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A proxy war that is devouring the Middle East

Lebanon is the next act in Saudi Arabia and Iran's conflict by proxy

    A poster of Lebanese Prime Minister Saad al-Hariri in the northern city of Tripoli
    A poster of Lebanese Prime Minister Saad al-Hariri in the northern city of Tripoli Getty Images

    Even close observers of Middle East politics were taken aback when Lebanon’s prime minister suddenly revealed over the weekend that he was stepping down, saying he feared for his life.

    Saad al-Hariri announced his resignation from the Saudi capital Riyadh on Saturday and, at the time of writing on Wednesday, had still not returned to Lebanon. It led many observers to conclude that this was the newest front in Saudi Arabia’s long-running proxy war with Iran.

    I say “newest”, because these two countries have provided support, funds and in some cases weapons to opposing sides in a tranche of conflicts and disputes across the Middle East.

    Take Syria, blighted by civil war for more than six years, where Saudi Arabia backed the Free Syrian Army opposition, and Iranian support proved crucial in keeping President Bashar al-Assad’s regime alive.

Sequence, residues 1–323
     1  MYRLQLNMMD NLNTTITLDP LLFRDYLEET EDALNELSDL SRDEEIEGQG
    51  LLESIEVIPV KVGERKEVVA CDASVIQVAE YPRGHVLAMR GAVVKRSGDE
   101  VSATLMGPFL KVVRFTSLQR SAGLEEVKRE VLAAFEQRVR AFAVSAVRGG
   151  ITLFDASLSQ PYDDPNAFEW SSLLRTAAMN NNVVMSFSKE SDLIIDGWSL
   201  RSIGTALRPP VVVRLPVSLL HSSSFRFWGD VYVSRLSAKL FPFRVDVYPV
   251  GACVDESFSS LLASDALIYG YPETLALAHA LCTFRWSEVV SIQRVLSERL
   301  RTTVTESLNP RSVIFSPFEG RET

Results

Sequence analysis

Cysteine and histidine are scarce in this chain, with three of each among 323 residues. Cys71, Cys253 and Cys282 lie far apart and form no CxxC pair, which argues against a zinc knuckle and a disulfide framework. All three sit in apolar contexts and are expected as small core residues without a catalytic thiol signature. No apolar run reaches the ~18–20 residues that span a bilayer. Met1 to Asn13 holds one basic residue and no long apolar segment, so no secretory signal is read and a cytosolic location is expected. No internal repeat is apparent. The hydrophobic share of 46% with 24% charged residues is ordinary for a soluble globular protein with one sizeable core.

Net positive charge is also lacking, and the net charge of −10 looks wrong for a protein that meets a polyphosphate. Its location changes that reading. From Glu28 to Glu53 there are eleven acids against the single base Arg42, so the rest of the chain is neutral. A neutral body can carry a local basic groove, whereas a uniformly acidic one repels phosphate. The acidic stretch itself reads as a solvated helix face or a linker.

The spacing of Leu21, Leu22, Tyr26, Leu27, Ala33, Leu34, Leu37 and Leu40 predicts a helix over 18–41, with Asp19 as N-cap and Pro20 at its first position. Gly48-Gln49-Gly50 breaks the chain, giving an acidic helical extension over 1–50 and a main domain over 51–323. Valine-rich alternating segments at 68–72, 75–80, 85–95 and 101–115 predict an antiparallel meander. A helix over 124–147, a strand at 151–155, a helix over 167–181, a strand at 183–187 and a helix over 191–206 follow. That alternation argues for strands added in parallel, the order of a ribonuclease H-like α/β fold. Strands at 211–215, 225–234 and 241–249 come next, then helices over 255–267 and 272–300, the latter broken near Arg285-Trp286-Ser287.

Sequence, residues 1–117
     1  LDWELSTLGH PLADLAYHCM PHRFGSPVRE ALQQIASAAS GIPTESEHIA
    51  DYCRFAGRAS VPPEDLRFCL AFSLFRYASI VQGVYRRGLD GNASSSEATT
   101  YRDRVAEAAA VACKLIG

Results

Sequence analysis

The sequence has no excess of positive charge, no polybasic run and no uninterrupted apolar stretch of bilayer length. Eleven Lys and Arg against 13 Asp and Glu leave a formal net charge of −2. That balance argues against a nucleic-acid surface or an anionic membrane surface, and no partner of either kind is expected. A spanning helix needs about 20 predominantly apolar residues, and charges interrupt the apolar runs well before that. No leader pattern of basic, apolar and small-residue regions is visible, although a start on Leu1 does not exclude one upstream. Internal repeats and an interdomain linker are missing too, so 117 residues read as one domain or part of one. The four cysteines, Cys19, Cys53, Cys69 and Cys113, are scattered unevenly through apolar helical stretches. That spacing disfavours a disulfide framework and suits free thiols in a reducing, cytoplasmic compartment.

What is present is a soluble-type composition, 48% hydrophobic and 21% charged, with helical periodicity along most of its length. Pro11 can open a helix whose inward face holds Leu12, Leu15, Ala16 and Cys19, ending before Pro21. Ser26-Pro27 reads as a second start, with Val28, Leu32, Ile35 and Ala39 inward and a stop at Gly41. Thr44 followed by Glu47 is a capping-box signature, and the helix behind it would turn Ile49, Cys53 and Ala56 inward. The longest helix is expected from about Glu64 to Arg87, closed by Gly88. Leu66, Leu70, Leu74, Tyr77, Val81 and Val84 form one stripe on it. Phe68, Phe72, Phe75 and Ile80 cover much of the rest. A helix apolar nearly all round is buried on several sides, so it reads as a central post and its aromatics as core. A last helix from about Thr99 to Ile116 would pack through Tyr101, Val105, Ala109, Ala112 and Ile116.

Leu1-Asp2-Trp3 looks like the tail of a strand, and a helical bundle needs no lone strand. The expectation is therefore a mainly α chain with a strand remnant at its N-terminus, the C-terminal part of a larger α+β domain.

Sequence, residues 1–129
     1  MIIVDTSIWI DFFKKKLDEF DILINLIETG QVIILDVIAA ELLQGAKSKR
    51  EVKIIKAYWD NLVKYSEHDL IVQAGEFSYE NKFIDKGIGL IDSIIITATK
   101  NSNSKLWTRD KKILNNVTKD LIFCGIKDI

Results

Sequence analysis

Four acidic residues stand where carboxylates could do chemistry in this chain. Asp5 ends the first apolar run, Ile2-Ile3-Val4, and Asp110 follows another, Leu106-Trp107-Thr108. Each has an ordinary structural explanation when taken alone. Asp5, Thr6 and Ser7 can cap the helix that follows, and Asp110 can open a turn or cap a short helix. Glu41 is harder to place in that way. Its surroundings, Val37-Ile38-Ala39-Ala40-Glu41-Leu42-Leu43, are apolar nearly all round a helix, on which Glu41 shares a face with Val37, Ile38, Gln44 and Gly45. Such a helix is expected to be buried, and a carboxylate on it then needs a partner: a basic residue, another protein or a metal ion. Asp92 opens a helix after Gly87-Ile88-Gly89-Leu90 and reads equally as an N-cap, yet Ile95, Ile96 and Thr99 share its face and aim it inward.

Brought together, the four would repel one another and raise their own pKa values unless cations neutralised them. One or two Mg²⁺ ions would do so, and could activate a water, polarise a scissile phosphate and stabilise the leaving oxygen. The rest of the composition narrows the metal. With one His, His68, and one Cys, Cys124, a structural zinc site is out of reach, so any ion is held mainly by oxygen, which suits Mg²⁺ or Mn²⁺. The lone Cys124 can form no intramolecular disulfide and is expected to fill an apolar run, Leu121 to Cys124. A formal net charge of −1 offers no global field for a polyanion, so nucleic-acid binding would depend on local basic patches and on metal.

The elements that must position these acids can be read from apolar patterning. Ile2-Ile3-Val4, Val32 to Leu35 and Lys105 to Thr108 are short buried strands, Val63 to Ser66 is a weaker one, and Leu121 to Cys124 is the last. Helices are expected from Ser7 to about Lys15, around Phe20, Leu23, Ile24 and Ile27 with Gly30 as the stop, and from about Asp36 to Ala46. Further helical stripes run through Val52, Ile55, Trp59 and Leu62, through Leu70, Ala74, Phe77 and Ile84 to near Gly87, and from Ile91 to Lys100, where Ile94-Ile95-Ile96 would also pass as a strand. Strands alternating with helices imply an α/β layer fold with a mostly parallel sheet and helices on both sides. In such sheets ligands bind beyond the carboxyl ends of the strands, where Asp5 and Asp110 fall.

The same situation applies to the conflict raging in Yemen, where Saudi and Iranian military might is on full display – on opposite sides.

    Then there’s Qatar, a tiny oil-rich nation that was plunged into isolation when a group of Arab countries led by Saudi Arabia abruptly cut off diplomatic relations and closed its only land border. The group listed Qatar’s close relationship with Iran as one of their reasons for the move.

    Lebanon, where the Iranian-backed Hezbollah is a powerful force and Mr Hariri’s family have extensive, well-documented links to Saudi Arabia, appears to have become the next act in the spectacle. 

    “Turmoil” is a word often used — over-used, in fact — to describe events in the Middle East, so let’s use a different one to explain what’s going on: “change”.  

    Some remarkable changes are happening in Saudi Arabia, some of which — like lifting a ban on women drivers or allowing women spectators in sports stadiums — have made headline news in the West.

    Another change is the massive anti-corruption probe that has seen the arrest of some very senior people — princes, ministers and investors among them. It has been portrayed as a reform initiative; it can easily also be called a battle for power in the Saudi kingdom. 

    Change is afoot, too, for Iran, which threw off the shackles of some crippling economic sanctions after a 2015 deal with six world powers over its nuclear programme. It has allowed the leadership in Tehran to become much more assertive: in Iraq, Syria and, it would seem, Lebanon.

    This is a story of one-upmanship in the Middle East that will define the next decade in the region and beyond.

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